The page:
Russian President shows reporters example of “united future world currency”
Paul Joseph Watson
Friday, July 10, 2009
Friday, July 10, 2009
In a highly symbolic moment at the G8 summit in Italy today, Russian President Dmitry Medvedev unveiled to reporters a coin representing a “united future world currency”.
“We are discussing both the use of other national currencies, including the ruble, as a reserve currency, as well as supranational currencies,” the Russian leader said at a news conference.
However, those who have downplayed the formulation of a world currency by dismissing it as merely a progression of SDR’s (Special Drawing Rights) and not something that would physically be used by citizens in a system of world government, were contradicted when Medvedev clearly outlined that the new currency would be “used for payment” by citizens as a “united future world currency”.
“This is a symbol of our unity and our desire to settle such issues jointly,” Medvedev said.
“Here it is,” Medvedev told reporters today in L’Aquila, Italy, after a summit of the Group of Eight nations. “You can see it and touch it,” reports Bloomberg.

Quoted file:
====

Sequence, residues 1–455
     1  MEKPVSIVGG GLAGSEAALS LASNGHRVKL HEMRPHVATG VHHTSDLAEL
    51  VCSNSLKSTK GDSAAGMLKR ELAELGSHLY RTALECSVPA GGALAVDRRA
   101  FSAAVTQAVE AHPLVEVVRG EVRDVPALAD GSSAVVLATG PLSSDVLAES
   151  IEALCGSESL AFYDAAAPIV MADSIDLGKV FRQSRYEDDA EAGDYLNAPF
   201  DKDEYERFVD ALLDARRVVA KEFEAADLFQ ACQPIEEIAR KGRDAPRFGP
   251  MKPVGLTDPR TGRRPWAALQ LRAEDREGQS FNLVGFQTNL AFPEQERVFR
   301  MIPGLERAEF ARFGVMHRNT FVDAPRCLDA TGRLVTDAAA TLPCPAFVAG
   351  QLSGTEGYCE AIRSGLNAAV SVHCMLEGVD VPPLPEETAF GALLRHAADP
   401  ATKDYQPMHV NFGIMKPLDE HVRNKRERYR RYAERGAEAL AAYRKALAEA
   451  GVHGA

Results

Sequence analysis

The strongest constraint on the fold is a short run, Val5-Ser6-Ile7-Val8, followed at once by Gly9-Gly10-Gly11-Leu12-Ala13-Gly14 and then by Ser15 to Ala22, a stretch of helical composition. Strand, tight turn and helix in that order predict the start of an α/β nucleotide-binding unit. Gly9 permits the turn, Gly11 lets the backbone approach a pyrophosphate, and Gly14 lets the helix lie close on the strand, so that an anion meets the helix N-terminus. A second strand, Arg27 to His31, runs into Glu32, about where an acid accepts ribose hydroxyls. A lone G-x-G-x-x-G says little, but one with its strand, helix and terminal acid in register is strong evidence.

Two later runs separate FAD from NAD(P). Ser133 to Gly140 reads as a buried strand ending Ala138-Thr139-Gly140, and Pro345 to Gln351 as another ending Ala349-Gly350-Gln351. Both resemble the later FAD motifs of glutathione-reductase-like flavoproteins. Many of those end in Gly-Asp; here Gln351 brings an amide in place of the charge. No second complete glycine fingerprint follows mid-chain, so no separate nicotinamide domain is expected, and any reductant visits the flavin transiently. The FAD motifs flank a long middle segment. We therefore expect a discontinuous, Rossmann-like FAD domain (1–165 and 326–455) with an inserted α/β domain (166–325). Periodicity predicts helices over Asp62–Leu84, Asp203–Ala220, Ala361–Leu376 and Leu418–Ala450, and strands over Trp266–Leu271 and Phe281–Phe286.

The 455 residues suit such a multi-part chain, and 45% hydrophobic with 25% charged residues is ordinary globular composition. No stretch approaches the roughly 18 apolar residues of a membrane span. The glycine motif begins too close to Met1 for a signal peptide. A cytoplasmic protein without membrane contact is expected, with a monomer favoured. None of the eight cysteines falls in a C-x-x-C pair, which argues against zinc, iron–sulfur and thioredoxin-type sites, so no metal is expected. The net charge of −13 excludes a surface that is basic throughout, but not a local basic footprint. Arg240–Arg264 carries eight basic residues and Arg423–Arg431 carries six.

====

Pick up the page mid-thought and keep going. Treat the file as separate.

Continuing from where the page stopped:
The question of a supranational currency “concerns everyone now, even the mints,” Medvedev said. The test coin “means they’re getting ready. I think it’s a good sign that we understand how interdependent we are.”
Press images released to the Yahoo photo wire did not show any close up shots of the coin and little was known about it, except that it had been minted in Belgium and bears the words “unity in diversity”. An RIA Novosti report noted that the coin represented an example of a “possible global currency”.
China and Russia have repeatedly called for a new global currency to replace the dollar.
When confronted about plans to supplant the dollar with a new global currency, both Federal Reserve chairman Ben Bernanke and Treasury Secretary Timothy Geithner denied that such an agenda existed.
However, just days after he told a Congressional hearing that there were no plans to move towards a global currency, Geithner sought to please the elitist CFR by assuring them that he was “open” to the notion of a new global currency system.
The scandal-ridden and highly secretive Bank For International Settlements, considered to be the world’s top central banking power hub, released a policy paper in 2006 that called for the end of national currencies in favor of a global model of currency formats.
The global currency would be a key central plank of a future system of world government. Earlier this week, Pope Benedict called for a “world political authority” to manage the global economy.